Labour calls for civilian court trials for rapes and serious offences in the military
THE Ministry of Defence has come under attack for its ‘shamefully low’ prosecution rates of rape and other serious crimes, prompting calls for civilian courts to take over.
Labour’s shadow armed forces minister, Stephen Morgan, launched the attack as it was revealed just 13 convictions had been secured since 2015 out of 128 court martial hearings.
Figures from the MoD show that between 2015 and 2019, the conviction rate for rape cases tried under court martial was just 10 per cent.
During the same period, the conviction rate was 59 per cent in civilian courts, with considerably more cases being tried each year.
Almost half (48 per cent) of sexual assaults in the armed forces in 2019 took place in the UK, and more than three quarters (77 per cent) of the victims were women. Almost half of victims held the rank of Private.
Portsmouth South MP Mr Morgan is set to table an amendment to the Armed Forces Bill seeking to ensure the most serious crimes committed by serving military personnel are investigated and tried in civilian courts and not at a court martial.
Mr Morgan said: ‘The conviction rate for serious offences like rape in military courts is shamefully low. Yet the government has refused to ensure these cases are investigated and tried in civilian courts, ignoring the recommendations of a judge-led inquiry.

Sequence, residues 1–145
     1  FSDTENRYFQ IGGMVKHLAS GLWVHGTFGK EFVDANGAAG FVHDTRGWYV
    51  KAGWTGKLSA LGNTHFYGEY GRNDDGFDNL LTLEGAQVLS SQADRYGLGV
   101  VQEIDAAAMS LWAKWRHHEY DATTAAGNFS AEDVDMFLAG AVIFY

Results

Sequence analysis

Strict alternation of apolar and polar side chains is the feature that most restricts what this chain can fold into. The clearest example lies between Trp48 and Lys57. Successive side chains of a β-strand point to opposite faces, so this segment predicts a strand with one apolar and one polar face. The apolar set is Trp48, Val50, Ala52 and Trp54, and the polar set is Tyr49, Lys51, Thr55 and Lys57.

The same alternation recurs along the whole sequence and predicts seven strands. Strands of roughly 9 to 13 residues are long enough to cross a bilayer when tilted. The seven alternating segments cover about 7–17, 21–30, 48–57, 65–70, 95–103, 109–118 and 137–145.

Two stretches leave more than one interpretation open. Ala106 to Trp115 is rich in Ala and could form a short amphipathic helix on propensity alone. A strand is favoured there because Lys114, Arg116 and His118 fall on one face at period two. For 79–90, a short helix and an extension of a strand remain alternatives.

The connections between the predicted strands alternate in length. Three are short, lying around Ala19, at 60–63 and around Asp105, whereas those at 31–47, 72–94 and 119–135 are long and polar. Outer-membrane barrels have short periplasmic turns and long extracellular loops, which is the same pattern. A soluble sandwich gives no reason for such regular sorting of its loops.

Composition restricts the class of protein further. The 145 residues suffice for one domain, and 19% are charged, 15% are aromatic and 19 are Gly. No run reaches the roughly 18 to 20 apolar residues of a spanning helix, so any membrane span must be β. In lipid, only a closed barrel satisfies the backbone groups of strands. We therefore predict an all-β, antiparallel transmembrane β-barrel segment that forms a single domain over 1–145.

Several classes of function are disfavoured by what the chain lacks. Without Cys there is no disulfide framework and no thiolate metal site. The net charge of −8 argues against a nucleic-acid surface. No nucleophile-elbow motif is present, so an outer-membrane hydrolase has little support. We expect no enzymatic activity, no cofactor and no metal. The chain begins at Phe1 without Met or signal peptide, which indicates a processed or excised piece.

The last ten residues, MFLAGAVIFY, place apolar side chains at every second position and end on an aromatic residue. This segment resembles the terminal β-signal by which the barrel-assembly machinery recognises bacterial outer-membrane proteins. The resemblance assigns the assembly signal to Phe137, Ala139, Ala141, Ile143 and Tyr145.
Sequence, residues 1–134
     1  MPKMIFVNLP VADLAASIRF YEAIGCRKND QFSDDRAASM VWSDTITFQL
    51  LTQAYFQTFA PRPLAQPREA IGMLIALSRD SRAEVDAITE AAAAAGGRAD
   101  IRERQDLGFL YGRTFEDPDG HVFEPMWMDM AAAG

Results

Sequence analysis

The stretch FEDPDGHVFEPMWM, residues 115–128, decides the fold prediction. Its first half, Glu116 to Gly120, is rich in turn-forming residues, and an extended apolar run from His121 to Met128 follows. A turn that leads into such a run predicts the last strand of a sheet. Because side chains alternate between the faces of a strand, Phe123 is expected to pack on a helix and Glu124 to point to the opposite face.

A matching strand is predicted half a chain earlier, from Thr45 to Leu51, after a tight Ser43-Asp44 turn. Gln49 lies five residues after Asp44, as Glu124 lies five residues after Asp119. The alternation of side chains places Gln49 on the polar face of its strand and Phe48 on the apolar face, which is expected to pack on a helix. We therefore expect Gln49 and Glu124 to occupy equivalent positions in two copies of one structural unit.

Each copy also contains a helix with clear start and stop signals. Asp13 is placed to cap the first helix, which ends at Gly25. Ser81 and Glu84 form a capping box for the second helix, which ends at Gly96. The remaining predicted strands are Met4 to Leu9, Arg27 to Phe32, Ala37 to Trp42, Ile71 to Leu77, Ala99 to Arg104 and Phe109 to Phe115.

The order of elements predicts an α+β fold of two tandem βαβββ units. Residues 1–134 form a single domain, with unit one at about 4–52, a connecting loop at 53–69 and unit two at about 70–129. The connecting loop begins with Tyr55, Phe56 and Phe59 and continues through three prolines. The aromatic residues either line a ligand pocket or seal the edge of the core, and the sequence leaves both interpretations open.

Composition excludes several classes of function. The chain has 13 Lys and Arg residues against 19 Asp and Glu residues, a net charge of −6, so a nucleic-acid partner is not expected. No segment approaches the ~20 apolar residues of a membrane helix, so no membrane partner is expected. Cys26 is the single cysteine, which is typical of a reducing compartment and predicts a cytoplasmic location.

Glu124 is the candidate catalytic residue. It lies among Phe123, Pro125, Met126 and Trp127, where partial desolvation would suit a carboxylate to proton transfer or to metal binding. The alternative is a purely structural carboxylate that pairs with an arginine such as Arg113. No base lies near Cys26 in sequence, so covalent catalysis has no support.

‘Trying the most serious offences in civilian courts would help improve conviction rates, but ministers refuse to recognise this reality and seem content with a fudge that will leave personnel vulnerable.
‘Labour wants the government’s Armed Forces Bill to provide appropriate support, protection and access to justice for our armed forces.’
The amendment follows calls from campaigners, as well as recommendations from a government-commissioned, judge-led review into the service justice system.
Last year, three women who were victims of rape or sexual assault while serving bought a legal challenge against the Ministry of Defence on the issue.
A spokeswoman for the MoD said: ‘The service justice system is able to deal with all types of offending throughout the world, including the most serious offences.
‘It is not possible to make meaningful statistical comparisons between the service and civilian justice systems as the relatively low number of SJS cases make the case rates more likely to fluctuate.
‘An independent audit of the service police after the Lyons Review concluded that service police have the necessary training, skills and experience to carry out investigations into serious sexual offences.’